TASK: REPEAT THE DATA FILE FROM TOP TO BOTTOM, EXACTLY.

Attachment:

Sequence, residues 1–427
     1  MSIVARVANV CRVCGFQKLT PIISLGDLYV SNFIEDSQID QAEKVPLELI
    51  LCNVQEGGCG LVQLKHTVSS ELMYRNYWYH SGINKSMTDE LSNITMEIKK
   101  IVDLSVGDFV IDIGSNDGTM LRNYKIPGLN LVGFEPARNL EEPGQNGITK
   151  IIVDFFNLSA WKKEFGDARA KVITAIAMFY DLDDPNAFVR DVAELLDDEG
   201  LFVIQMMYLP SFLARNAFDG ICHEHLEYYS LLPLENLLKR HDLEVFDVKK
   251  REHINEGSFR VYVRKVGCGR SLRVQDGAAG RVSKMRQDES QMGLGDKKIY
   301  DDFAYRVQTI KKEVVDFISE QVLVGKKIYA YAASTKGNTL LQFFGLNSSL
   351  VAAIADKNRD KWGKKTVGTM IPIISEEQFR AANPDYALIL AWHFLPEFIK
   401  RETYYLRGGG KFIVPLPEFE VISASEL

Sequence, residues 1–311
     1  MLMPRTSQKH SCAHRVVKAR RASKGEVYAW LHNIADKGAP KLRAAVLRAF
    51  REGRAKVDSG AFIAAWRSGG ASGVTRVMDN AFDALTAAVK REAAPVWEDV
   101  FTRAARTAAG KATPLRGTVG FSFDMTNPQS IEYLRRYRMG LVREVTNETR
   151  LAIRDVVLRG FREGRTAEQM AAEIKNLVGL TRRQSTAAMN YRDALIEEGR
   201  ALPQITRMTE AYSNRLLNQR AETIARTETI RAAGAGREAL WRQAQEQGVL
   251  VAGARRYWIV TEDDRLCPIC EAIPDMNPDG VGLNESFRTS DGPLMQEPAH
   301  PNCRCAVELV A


Sequence, residues 1–427
     1  MSIVARVANV CRVCGFQKLT PIISLGDLYV SNFIEDSQID QAEKVPLELI
    51  LCNVQEGGCG LVQLKHTVSS ELMYRNYWYH SGINKSMTDE LSNITMEIKK
   101  IVDLSVGDFV IDIGSNDGTM LRNYKIPGLN LVGFEPARNL EEPGQNGITK
   151  IIVDFFNLSA WKKEFGDARA KVITAIAMFY DLDDPNAFVR DVAELLDDEG
   201  LFVIQMMYLP SFLARNAFDG ICHEHLEYYS LLPLENLLKR HDLEVFDVKK
   251  REHINEGSFR VYVRKVGCGR SLRVQDGAAG RVSKMRQDES QMGLGDKKIY
   301  DDFAYRVQTI KKEVVDFISE QVLVGKKIYA YAASTKGNTL LQFFGLNSSL
   351  VAAIADKNRD KWGKKTVGTM IPIISEEQFR AANPDYALIL AWHFLPEFIK
   401  RETYYLRGGG KFIVPLPEFE VISASEL

Sequence, residues 1–311
     1  MLMPRTSQKH SCAHRVVKAR RASKGEVYAW LHNIADKGAP KLRAAVLRAF
    51  REGRAKVDSG AFIAAWRSGG ASGVTRVMDN AFDALTAAVK REAAPVWEDV
   101  FTRAARTAAG KATPLRGTVG FSFDMTNPQS IEYLRRYRMG LVREVTNETR
   151  LAIRDVVLRG FREGRTAEQM AAEIKNLVGL TRRQSTAAMN YRDALIEEGR
   201  ALPQITRMTE AYSNRLLNQR AETIARTETI RAAGAGREAL WRQAQEQGVL
   251  VAGARRYWIV TEDDRLCPIC EAIPDMNPDG VGLNESFRTS DGPLMQEPAH
   301  PNCRCAVELV A